The current events in Belarus attract most attention in Russia. At times, it is difficult for specialists to explain to the public that the things that citizens see with their own eyes do not actually exist. The state of cognitive dissonance becomes part of the general perception of the picture.
The traditions of agitators and propagandists of the Soviet era nicely blend into the information paradigm of both Russia and Belarus. In the name of "higher goals" state-run TV channels may announce that the Earth is flat for Belarus, that it is only drug addicts and alcoholics among the protesters, and it is Western special services that clog city drainage cities with garbage every year to provoke floods.
However, the protests of Belarusian citizens, who doubt the reliability of the results of the past presidential election in the country have somewhat disorientated both the Russian and the Belarusian propaganda machines and revealed obvious contradictions:
the authorities talk about the conflict that has split the Belarusian society, although the conflict happened between citizens and the head of state.
Against the backdrop of all this propaganda, which can only produce videos about the country's unenviable future without Alexander Lukashenko, the incumbent President of Belarus has revisited scary stories about the following:
The notes of authoritarianism were followed by the revival of old Soviet methods, including methods of information policy. The role of journalism as the unbiased informer of the public and the authorities of the country, which is assigned to independent press in its editorial policy in democratic states, is being gradually reduced.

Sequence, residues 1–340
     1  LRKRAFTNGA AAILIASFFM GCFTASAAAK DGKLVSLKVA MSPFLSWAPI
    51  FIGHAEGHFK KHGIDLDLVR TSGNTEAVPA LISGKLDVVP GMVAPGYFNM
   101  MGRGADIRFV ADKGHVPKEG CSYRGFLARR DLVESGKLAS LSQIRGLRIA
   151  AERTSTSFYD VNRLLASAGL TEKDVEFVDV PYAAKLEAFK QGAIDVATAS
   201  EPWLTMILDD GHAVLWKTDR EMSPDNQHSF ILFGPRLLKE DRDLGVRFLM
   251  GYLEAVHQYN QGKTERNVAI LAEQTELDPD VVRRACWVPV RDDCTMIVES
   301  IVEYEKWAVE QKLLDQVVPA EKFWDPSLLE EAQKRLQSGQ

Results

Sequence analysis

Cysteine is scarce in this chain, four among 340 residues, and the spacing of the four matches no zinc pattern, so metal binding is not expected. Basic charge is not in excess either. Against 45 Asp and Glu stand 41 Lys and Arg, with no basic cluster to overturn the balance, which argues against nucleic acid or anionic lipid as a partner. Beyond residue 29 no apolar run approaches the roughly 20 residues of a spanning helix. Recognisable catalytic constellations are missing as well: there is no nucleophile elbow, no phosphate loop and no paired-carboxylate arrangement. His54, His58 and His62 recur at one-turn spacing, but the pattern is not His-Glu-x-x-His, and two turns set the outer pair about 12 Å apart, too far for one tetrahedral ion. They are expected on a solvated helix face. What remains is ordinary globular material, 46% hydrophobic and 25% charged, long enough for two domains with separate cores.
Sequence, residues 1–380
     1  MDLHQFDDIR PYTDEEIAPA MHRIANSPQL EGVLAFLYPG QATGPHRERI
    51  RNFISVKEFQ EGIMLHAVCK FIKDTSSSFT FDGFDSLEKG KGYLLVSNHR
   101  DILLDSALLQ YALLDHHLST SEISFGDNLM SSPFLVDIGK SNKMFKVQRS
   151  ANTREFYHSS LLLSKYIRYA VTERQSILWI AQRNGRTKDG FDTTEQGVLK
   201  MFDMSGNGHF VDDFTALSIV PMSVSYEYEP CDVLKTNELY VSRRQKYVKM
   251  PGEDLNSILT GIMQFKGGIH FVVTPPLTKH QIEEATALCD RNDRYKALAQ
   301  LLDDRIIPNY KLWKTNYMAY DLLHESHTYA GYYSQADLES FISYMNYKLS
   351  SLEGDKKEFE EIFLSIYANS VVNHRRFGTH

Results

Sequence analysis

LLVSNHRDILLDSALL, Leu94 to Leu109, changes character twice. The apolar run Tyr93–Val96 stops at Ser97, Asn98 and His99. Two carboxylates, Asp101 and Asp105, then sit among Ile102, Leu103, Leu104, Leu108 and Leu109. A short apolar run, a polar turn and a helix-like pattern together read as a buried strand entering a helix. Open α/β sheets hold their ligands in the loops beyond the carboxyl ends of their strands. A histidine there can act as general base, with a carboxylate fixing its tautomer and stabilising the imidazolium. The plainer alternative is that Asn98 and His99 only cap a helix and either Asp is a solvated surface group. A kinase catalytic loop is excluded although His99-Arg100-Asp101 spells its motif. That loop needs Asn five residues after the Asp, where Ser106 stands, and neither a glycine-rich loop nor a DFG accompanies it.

Of course, there is no such thing as absolutely independent press. Economically, they depend on their owners and shareholders. However, in order to keep the core of their loyal audience and grow a new one, they are simply forced to cover any events in all their multi-vectored nature. Otherwise, readers or viewers will switch to competitors.
Unfortunately, politicians who reach top positions in the state in their career quest cannot always maintain a balance of public interests and their ambitions. In some countries where there is a real, rather than a declared separation of the branches of power, any manifestations of Bonapartism are neutralised by the state system itself by default.
In other countries, the public has to remind the authorities that there are rules that should not be broken. One of those rules says that citizens of the country are the supreme power in a democratic state. In other words, it is the people, who decide who they are, where they go and for what purpose.
Political elites and their leaders can give their proposals, but it is up to the people to choose and decide. As soon as such a scheme is violated, any stability of the structure is out of the question.
All national leaders are equally happy or unhappy in their work. A very competent and experienced Russian lawyer noted that if the President of Romania, Nicolae Ceausescu, had abolished the death penalty, as Western European politicians suggested to him, his fate would have turned out differently. Needless to say that a national leader should never treat his own compatriots as an enemy who invaded his country.
There is always a safe way out of any impasse. This way out is located exactly where the entrance was. It is sad, though, that over the millennia of the existence of the human community and centuries of state building, the lessons learned have not been useful to all leaders. George Bernard Shaw once noted:
"The only lesson of the history is that people never learn their lessons from the history."
Russian Deputy Foreign Minister Andrei Rudenko had a telephone conversation with US Ambassador to Russia John Sullivan